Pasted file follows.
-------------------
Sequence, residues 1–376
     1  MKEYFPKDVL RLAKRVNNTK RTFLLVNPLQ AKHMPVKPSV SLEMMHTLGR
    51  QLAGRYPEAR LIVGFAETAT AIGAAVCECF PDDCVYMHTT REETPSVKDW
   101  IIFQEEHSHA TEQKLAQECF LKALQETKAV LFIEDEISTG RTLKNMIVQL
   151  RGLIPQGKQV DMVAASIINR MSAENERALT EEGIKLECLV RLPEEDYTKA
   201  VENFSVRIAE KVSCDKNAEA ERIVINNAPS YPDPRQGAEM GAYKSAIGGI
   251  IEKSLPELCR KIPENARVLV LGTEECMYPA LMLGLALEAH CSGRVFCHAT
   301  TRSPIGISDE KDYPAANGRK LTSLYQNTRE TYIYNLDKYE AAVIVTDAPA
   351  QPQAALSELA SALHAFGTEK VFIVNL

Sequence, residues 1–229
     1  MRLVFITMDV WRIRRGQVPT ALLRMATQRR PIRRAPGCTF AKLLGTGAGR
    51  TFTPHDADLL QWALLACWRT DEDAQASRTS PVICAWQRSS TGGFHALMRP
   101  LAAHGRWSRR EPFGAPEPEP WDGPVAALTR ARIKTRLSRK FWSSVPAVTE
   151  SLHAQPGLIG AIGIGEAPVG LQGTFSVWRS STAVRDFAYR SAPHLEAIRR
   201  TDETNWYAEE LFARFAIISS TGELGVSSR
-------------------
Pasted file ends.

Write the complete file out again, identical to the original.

Sequence, residues 1–376
     1  MKEYFPKDVL RLAKRVNNTK RTFLLVNPLQ AKHMPVKPSV SLEMMHTLGR
    51  QLAGRYPEAR LIVGFAETAT AIGAAVCECF PDDCVYMHTT REETPSVKDW
   101  IIFQEEHSHA TEQKLAQECF LKALQETKAV LFIEDEISTG RTLKNMIVQL
   151  RGLIPQGKQV DMVAASIINR MSAENERALT EEGIKLECLV RLPEEDYTKA
   201  VENFSVRIAE KVSCDKNAEA ERIVINNAPS YPDPRQGAEM GAYKSAIGGI
   251  IEKSLPELCR KIPENARVLV LGTEECMYPA LMLGLALEAH CSGRVFCHAT
   301  TRSPIGISDE KDYPAANGRK LTSLYQNTRE TYIYNLDKYE AAVIVTDAPA
   351  QPQAALSELA SALHAFGTEK VFIVNL

Sequence, residues 1–229
     1  MRLVFITMDV WRIRRGQVPT ALLRMATQRR PIRRAPGCTF AKLLGTGAGR
    51  TFTPHDADLL QWALLACWRT DEDAQASRTS PVICAWQRSS TGGFHALMRP
   101  LAAHGRWSRR EPFGAPEPEP WDGPVAALTR ARIKTRLSRK FWSSVPAVTE
   151  SLHAQPGLIG AIGIGEAPVG LQGTFSVWRS STAVRDFAYR SAPHLEAIRR
   201  TDETNWYAEE LFARFAIISS TGELGVSSR